Process. Apply either raw or boiled linseed oil diluted with five parts of benzine or turpentine. The advantages of dilution are that the mixture penetrates the wood better, leaves a thinner film on the surface and is more economical. Then rub, rub, rub, day after day. Little and often with unlimited friction, is the best rule. This makes a nice finish for well-fumed chestnut, turning the color to a rich brown.

(b) Wax. Wax is an old English polish, commonly used before French polish and varnish were introduced, especially for hard woods like oak. Its advantages are that it is cheap, easily prepared, easily applied, and easily repaired. Its disadvantages are that it will not stand wetting, is easily marred, requires constant care, is not so hard and dry as varnish, turns slightly sticky with warmth, and is likely to turn white in crevices.

To prepare it. To one part of melted beeswax add one part of turpentine. Mix and cool. It can be bought prepared, as, Bridgeport Wood Finishing Company's "Old Dutch Finish," Butcher's Wax, Johnson's Wax, and others.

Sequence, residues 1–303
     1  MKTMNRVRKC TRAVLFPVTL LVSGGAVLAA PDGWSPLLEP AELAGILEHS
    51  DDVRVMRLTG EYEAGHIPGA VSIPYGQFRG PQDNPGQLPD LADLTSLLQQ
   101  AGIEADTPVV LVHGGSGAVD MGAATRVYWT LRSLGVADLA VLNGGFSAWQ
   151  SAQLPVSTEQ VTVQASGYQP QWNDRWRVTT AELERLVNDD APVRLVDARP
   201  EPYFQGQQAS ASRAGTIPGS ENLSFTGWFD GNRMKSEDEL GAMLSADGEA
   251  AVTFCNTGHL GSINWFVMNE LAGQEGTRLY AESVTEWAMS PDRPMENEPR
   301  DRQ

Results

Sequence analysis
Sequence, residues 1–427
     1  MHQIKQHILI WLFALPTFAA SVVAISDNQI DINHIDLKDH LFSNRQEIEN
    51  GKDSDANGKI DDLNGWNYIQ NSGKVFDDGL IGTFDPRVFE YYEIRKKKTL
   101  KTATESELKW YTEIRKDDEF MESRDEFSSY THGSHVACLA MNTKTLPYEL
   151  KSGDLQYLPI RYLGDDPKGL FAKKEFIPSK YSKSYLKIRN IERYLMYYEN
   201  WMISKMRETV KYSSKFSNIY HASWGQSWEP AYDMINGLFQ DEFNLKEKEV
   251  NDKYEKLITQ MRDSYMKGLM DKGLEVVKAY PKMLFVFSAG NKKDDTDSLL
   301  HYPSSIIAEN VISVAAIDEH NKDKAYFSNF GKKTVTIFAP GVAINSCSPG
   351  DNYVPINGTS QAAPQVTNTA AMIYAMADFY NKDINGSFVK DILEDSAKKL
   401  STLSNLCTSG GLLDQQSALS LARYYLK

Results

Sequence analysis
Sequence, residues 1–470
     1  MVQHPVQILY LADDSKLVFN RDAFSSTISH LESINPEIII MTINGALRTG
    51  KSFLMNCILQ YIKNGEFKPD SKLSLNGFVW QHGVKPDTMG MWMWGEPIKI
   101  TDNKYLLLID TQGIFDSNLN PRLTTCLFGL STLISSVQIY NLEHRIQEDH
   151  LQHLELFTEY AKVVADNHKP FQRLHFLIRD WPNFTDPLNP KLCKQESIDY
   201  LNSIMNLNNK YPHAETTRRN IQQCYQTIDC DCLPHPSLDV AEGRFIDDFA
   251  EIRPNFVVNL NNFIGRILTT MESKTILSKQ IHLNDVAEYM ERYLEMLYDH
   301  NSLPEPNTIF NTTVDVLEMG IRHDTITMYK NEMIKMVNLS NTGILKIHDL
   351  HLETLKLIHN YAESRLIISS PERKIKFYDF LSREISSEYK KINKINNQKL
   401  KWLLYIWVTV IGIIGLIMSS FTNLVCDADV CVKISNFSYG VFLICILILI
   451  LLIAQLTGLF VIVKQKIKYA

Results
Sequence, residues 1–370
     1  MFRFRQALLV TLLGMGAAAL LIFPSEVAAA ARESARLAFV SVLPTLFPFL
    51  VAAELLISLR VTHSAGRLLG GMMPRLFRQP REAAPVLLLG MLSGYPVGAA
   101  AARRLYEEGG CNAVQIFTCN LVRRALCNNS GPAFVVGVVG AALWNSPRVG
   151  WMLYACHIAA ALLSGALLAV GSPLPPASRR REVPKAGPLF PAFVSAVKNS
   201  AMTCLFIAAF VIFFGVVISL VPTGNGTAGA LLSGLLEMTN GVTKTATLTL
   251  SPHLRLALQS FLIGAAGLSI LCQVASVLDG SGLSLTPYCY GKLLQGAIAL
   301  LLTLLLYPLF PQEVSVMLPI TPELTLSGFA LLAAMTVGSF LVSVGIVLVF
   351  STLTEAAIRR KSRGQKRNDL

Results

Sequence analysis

Process. Rub the wax evenly over the surface with a stiff brush or the fingers. Let it dry for some hours, and then rub with a cloth: flannel or a piece of felt is best. Put on several coats, leaving the work over night between coats. Rub often with a warm cloth.

(c) Varnishes. The function of varnishes is to cover wood with a hard, transparent coating that is non-porous and impervious to moisture. There is a great range among them, from thin, easily worn, dull finishes to durable, strong, and highly polished coatings called "rubbing varnishes." The polished surface can be secured only by much labor thru the application of successive thin coats of good varnish, carefully rubbed down.

Varnish may be applied to wood, stained, painted, or in its natural condition as well as to metal, leather, paper, and various other substances. A good varnish should be adhesive, that is, it should cling firmly to the surface to which it is applied; it should be elastic, so as not to crack on account of the expansion and contraction of the material to which it is applied; it should dry in a reasonable time; it should be limpid so as to flow easily in application; it should be transparent and brilliant when polished; and it should be durable. The necessary conditions for all good varnishing are a perfectly smooth, even, filled surface of dry wood, a temperature of about 70° and no dust in the air.

In general, there are two classes of varnish, based on the character of the solvent, (1) Spirit varnishes and (2) Oil varnishes.